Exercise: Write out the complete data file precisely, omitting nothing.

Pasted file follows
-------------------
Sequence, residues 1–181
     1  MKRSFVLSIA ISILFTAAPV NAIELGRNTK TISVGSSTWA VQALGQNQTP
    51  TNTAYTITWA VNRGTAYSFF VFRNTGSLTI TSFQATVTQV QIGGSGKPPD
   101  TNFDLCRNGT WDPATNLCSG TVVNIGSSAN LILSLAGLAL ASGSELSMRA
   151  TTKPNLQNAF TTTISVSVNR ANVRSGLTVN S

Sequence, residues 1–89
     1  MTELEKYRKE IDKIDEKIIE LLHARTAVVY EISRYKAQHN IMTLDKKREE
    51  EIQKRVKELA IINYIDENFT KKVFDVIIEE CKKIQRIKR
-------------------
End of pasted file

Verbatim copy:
Sequence, residues 1–181
     1  MKRSFVLSIA ISILFTAAPV NAIELGRNTK TISVGSSTWA VQALGQNQTP
    51  TNTAYTITWA VNRGTAYSFF VFRNTGSLTI TSFQATVTQV QIGGSGKPPD
   101  TNFDLCRNGT WDPATNLCSG TVVNIGSSAN LILSLAGLAL ASGSELSMRA
   151  TTKPNLQNAF TTTISVSVNR ANVRSGLTVN S

Sequence, residues 1–89
     1  MTELEKYRKE IDKIDEKIIE LLHARTAVVY EISRYKAQHN IMTLDKKREE
    51  EIQKRVKELA IINYIDENFT KKVFDVIIEE CKKIQRIKR